If any one filmmaker could cure me of the compulsion to watch every movie featuring guys in hoods, it's Ulli Lommel. The film in question: 2005's Zodiac Killer, which Lommel wrote, produced, directed, acted in, and did the cinematography and production design for a few years before David Fincher put his own stamp on the material, the slacker. (Lommel's film actually has a 2003 copyright, which means it sat on a shelf for a couple years before he could find someone to distribute it. Not terribly surprising, really.) While Fincher moved on from Zodiac to other types of films, though, Lommel planted himself on the serial-killer beat, churning out direct-to-video features on the BTK Killer, the Green River Killer, and the Son of Sam, among others. Zodiac Killer was even followed two years later by a sequel of sorts called Curse of the Zodiac, but one Ulli Lommel Zodiac movie is curse enough for me.
To begin with, Lommel's script isn't focused directly on the Zodiac, but rather on nursing home employee Michael (Vladimir Maksic, simultaneously making his screen debut and farewell bow), an impressionable young lad who acquires a gun and decides to start executing the neglectful relatives of his elderly charges. Curiously, the local news leaps to the conclusion that his first killing is "reminiscent of the string of murders committed nearly 30 years ago by the infamous Zodiac, a serial killer still at large," and helpfully refers listeners to a book from the '70s called Hunt for the Zodiac, which Michael dutifully picks up, giving his "dissociative identity disorder" an identity to fixate on. He's even moved to get in touch with the book's author, Simon Vale (played by Lommel), who's introduced in a shoddily written scene opposite forensic psychologist Mel Navokov (David Hess), who announces himself as such by saying "I'm a forensic psychologist, you remember?" while he scrolls through gruesome crime-scene photos and tries to entice Simon into going with him to a strip club. "I think I can do without these photos and your strippers," Simon demurs, but Lommel the director has no compunction about lingering on the former at every opportunity.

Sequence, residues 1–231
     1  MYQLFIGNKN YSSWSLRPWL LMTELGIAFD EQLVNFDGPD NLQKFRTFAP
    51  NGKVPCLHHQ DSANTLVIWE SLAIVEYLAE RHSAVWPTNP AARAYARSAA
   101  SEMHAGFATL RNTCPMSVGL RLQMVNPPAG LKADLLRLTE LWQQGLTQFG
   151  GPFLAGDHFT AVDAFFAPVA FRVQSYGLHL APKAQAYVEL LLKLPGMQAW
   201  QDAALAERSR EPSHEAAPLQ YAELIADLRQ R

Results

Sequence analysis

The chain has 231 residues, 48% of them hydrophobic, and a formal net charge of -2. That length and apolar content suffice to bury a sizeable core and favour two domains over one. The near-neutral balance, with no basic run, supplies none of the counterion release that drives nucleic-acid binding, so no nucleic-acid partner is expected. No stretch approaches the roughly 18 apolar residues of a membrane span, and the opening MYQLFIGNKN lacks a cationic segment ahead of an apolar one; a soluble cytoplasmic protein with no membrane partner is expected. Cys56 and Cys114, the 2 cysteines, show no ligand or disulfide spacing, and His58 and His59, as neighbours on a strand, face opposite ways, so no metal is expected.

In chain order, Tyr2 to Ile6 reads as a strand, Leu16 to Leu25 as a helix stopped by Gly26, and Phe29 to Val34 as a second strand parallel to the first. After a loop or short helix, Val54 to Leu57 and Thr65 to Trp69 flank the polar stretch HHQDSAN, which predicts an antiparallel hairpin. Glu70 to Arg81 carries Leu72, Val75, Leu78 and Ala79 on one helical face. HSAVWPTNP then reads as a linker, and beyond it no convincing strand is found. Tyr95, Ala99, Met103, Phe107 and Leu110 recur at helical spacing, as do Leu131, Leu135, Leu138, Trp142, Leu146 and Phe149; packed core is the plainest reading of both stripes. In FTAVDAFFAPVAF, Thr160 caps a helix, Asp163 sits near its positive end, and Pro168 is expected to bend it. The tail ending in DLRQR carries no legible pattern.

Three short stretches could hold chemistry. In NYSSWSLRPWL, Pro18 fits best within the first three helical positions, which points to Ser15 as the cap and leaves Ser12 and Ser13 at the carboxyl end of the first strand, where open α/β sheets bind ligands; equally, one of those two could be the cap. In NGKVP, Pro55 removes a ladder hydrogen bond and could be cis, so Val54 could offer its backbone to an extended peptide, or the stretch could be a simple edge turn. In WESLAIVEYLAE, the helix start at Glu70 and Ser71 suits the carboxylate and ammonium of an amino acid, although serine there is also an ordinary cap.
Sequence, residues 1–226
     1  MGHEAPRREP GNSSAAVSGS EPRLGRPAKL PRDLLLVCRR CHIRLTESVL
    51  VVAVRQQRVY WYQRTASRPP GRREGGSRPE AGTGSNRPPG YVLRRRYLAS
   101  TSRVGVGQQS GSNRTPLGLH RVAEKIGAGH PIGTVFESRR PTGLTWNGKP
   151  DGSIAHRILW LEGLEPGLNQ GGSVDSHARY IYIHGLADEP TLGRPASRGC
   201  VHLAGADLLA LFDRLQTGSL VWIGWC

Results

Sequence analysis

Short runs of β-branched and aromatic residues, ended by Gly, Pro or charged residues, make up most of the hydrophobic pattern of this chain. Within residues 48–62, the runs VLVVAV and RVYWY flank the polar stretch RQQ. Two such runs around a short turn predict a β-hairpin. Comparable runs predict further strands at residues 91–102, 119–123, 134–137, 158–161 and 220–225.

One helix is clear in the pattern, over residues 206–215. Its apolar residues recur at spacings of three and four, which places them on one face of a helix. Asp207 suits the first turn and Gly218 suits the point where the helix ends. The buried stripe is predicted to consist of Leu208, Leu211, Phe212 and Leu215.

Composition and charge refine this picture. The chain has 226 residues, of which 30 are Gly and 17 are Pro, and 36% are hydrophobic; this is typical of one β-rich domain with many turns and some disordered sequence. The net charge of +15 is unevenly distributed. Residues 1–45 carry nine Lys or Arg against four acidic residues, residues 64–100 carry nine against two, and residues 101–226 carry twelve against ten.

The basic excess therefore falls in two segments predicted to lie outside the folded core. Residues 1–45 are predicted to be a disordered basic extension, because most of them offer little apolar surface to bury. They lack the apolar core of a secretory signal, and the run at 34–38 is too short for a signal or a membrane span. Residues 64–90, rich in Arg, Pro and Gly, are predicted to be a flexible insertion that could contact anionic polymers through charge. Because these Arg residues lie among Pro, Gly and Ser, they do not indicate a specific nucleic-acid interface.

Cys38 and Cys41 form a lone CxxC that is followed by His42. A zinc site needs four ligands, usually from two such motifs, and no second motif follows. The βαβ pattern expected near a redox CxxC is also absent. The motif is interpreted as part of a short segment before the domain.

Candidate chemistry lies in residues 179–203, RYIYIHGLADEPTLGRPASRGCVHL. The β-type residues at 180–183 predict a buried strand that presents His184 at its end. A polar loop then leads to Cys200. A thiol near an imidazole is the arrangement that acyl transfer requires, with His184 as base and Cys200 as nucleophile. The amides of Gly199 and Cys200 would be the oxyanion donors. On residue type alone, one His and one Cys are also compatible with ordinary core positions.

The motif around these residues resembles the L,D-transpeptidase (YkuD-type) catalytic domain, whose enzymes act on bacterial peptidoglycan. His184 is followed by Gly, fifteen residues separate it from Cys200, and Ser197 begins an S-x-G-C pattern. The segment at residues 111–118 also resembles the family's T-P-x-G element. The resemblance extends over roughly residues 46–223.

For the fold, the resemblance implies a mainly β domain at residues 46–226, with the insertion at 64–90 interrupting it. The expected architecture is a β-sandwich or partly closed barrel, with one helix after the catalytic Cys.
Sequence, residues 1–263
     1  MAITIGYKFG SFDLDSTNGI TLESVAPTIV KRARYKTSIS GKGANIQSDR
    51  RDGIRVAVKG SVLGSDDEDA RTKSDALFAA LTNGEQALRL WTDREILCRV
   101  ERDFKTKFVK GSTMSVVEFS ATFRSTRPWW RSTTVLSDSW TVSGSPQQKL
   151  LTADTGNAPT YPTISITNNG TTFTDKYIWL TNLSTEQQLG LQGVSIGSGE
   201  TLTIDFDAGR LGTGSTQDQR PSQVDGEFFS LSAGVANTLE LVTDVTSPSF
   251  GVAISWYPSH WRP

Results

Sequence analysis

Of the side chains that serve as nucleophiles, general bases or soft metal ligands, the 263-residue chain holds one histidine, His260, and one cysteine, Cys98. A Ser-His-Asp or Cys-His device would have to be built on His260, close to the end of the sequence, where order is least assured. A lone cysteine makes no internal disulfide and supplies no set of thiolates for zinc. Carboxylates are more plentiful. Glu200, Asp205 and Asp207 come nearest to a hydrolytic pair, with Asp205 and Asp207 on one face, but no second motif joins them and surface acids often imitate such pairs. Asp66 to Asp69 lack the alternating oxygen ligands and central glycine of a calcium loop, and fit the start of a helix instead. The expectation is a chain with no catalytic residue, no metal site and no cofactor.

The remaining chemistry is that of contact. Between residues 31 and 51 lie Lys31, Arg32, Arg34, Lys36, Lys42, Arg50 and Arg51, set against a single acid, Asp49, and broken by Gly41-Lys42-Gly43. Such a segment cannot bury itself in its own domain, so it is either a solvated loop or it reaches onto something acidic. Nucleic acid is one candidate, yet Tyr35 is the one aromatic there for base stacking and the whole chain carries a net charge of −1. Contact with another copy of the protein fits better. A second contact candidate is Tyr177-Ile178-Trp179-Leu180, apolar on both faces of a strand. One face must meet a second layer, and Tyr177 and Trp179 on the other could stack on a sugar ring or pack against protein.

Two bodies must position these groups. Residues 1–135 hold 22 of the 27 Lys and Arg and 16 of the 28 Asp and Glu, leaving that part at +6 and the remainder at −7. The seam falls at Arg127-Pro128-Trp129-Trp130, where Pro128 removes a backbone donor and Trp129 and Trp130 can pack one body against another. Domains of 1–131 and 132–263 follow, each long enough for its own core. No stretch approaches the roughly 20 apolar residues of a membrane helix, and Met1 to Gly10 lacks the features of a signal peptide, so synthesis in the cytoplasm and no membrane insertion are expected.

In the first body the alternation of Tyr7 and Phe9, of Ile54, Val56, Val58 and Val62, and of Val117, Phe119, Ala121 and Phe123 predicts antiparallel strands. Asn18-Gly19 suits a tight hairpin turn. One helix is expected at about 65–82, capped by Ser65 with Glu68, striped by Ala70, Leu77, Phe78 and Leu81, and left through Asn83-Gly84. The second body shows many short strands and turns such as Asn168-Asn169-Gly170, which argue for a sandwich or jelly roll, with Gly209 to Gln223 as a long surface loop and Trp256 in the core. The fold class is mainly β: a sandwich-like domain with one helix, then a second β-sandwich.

He's also fairly shameless about dipping into his own back catalog, having his characters watch clips from his movies on television and raiding them for flashbacks to the Zodiac's supposed childhood. (He even shoehorns in the bathtub electrocution from BrainWaves, which is the dictionary definition of brazen.) More egregious, though, are the scenes where Simon interviews Willie Harman (Gunter Ziegler), the son of Kurt Raab's character from Tenderness of the Wolves, to get material for the new edition of Hunt for the Zodiac he's updating at his publisher's behest. Not only is this a reminder of when Lommel actually gave half a damn about the quality of his films, but Tenderness is a perfectly good standalone work that doesn't deserve to be associated with this garbage heap of a film.
Adding to Zodiac Killer's crimes against cinema are the scenes featuring the Jury of Twelve, a secret society of men in opaque black hoods who gather in what appears to be a hotel lobby to update each other on their activities. (The Twelve's code names, incidentally, are based on the signs of the zodiac, but Lommel only ever shows half of them at a time, which means he either couldn't afford that many extras or he only had six hoods.) A frequent topic of conversation is the Zodiac copycat, whose identity is unknown to them, but not to Simon, who quickly figures out (with the help of an anonymous hacker who uses an NSA program to track Michael's cell phone) that his disturbed young friend is the one getting the city into a lather. From there, Simon starts molding Michael in the Zodiac's image, directing him to a website about the killer's exploits, presenting him with a black hood to help him complete his Zodiac Halloween costume, and even giving him a DVD of The Mikado (the Zodiac's favorite operetta, don't you know) and a knife for Christmas. He also invites Michael over to his apartment, the walls of which have been festooned with plastic sheeting so Simon can reveal his true identity to the clueless kid and murder him in cold blood. All that's left then is for Simon to fill a vacancy in the Jury of Twelve with a petulant Mel (who didn't have much else going on, to be perfectly honest), report the successful elimination of his copycat to them (since he apparently carries out their orders as the Zodiac), and toast a "Happy New Year to all of us." Yeesh.